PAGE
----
PaidAde wants to ease the headache of paperwork for builders and trade workers

As part of our weekly Startup Spotlight series, we profile the app and construction-tech startup.

By Jonathan Keane Reporter, Fora

CIARAN BRENNAN QUALIFIED as a carpenter in 2007. In his own words, it “wasn’t a great time to qualify” as a tradesman.

The recession landed soon after, and Brennan did what many people in the building and trade sector did after the Irish construction industry imploded – he emigrated.

He eventually settled in Australia, where he was joined by his brother Niall, who was a builder. There, the brothers set up their own construction services firm.

“We set out and operated in Perth, learned some harsh lessons and then eventually decided to build a bit of tech into that business.”

During their time scaling the business, technology was increasingly coming to the fore. Niall, who had some tech in his background, was tinkering with a system for managing purchase orders and invoices.

After a while, the company was bought out another firm, and Niall returned to Ireland. Brennan remained for a year as part of the acquisition deal.

“It was in that year that I started doing some research on the side on whether I was going to come back, and if this tech thing was as big a problem for us as it was for everyone else,” he says.

paidade-founders Ciaran Brennan (centre right)
Source: PaidAde


Brennan decided to return to Ireland, and his research became PaidAde. The firm started with a simple mission statement of connecting builders and trade workers with their suppliers digitally to pare back paperwork and help workers stay on top of their finances.

“The big problem we had (in construction) was essentially that we couldn’t manage the operational side, there was so much paperwork involved with suppliers invoicing us or the employees, tracking them against projects,” Brennan says.

For many workers, it becomes an extra burden, creating out-of-hours workloads.

“We never knew if we were making money on a job until the job was done. This isn’t good enough. We needed to figure out a way to manage this better,” Brennan says.

A third co-founder, Ken Lambe, joined the Brennan brothers to start making headway on the project before they incorporated a company, Ground Up Software, in January 2018.

The app is solving a problem felt for everyone from sole traders to major construction firms, Brennan says, eradicating the “horrible manual process” of keeping track of invoices and figures and making sure they match purchase orders.

For example, a builder can log into the app and enter details about the supplies and figures for the job they are working on.

The app then automates how this information is filed away in the app, so the workers can manage how much of their supplies they’re using and if the costs are balancing out.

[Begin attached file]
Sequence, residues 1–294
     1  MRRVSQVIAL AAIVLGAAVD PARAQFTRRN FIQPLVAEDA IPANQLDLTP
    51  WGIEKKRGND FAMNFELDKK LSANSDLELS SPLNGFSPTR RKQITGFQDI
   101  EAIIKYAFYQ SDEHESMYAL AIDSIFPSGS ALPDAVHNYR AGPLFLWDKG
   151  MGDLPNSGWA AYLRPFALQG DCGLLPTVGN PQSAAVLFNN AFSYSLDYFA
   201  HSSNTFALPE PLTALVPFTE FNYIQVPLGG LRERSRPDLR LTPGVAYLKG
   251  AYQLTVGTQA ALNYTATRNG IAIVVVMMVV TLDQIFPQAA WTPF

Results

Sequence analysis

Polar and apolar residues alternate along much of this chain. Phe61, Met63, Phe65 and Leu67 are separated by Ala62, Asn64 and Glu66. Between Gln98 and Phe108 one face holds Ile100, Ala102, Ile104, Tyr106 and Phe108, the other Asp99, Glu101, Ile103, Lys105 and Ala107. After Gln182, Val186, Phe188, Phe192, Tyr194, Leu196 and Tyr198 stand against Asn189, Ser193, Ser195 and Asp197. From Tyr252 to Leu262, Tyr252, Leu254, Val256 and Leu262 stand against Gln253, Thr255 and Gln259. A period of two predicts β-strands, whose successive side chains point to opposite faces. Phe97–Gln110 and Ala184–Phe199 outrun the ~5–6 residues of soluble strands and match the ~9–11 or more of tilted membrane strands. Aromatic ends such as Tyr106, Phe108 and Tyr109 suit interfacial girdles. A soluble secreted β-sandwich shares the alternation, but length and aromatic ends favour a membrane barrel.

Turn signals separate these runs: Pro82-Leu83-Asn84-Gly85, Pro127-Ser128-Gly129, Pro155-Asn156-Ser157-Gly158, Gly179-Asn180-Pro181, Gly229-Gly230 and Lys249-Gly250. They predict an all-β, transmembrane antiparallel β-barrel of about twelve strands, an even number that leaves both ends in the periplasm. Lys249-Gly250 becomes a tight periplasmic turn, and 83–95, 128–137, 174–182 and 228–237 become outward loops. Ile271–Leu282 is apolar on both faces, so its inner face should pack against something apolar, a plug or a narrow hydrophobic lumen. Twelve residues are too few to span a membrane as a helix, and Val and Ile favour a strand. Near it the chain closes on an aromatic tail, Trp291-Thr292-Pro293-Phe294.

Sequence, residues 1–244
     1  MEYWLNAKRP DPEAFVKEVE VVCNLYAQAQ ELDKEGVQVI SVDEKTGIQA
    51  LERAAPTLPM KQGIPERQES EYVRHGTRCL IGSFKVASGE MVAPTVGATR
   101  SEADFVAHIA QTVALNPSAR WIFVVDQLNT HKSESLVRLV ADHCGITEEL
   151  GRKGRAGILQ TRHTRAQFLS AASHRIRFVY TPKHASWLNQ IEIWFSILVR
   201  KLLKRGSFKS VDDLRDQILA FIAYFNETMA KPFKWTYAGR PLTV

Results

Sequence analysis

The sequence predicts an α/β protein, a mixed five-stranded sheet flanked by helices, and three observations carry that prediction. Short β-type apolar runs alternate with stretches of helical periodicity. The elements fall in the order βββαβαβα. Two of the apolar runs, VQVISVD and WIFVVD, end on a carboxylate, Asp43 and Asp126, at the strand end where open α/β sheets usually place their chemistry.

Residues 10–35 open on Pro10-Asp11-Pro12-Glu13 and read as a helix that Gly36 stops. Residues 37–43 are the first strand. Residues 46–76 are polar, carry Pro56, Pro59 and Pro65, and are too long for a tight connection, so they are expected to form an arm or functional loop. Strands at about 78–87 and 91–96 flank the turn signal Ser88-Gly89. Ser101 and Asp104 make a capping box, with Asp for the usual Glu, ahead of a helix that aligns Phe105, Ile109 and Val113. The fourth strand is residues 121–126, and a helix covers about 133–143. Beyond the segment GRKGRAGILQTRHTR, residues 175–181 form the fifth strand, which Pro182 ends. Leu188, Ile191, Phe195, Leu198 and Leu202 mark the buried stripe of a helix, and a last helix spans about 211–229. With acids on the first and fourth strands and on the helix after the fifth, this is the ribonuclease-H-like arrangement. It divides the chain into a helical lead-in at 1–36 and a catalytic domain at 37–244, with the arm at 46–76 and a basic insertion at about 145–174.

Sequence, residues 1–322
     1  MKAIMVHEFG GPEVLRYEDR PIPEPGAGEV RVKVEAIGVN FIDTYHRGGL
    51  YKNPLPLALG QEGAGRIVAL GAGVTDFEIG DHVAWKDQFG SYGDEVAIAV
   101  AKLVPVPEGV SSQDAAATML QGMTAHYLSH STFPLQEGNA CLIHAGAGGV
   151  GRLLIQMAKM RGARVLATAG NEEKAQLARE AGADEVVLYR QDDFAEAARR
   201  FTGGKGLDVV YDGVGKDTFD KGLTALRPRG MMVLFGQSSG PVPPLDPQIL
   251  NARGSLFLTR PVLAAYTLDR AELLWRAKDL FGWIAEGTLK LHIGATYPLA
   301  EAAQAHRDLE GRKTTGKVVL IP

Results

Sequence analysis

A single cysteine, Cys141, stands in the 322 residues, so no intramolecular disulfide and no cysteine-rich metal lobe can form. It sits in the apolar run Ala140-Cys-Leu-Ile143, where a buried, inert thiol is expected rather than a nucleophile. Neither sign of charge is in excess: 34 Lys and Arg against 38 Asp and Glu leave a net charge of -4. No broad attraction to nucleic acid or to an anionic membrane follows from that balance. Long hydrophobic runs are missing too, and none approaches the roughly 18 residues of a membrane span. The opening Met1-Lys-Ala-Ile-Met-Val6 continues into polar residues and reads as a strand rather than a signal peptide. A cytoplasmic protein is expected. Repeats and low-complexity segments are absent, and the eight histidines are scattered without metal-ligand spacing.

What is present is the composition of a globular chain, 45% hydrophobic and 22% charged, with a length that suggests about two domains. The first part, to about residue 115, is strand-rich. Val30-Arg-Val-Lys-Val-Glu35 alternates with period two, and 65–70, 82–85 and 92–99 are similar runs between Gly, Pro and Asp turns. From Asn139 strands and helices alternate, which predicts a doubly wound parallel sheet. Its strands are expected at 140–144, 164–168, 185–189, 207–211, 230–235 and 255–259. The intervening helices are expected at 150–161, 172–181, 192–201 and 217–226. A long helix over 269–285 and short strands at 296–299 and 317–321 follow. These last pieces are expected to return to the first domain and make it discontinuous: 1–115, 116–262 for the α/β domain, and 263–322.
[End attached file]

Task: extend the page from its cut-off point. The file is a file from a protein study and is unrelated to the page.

“It reads the value of the invoice to make sure it matches the purchase order,” Brennan explains, adding that the data is configured in a dashboard so everyone working on the project has a consistent view of what’s going on.

Source: Shutterstock/Lucky Business

“We’re simply giving employees a mobile app where these guys can turn up to a project and just allocate which project they’re working on, which task they’re working on and that time then is redirected back to that dashboard.

“It’s connecting office to field and giving guys real-time data and real-time insights to how each project is performing.”


PaidAde finished first at the NDRC and ArcLabs investor showcase in July. NDRC and Enterprise Ireland have since invested €25,000 in the startup.

Over 160 people are using the app at this early stage, including electricians, plumbers, carpenters and builders.

“When we were speaking to contractors that were doing projects of a million-plus down to projects of €10,000, it was the same problems that were putting their hands up,” Brennan says.

The startup is still at a stage where it’s gathering feedback to figure out what the app needs to do to become part of builders’ “daily workflow”.

For now the app is free to use with the co-founders hammering out a subscription model once they add more features. Brennan says the price will be dependent on the volume of transactions but charges will come into effect early next year.

“Some companies are telling us it’s worth a hell of a lot more than other companies are. We’re putting it out there as a test.”

Based out of the LINC centre in IT Blanchardstown, PaidAde is in the midst of raising a seed round of €800,000 that Brennan hopes to close by the end of the year.

“Those funds will be used to develop out the tech. We’re going to bring in some sales teams and then we’re going for the UK market. We plan to be in the UK by summer of next year and we plan to have a thousand users on board by the following year.”

Currently the startup is “as lean as possible” with much of the tech and marketing outsourced, but that is likely to change soon.

“Once we close this seed round, we’re going to use that to bring some tech in-house. We’re going to add a sales team as well.”

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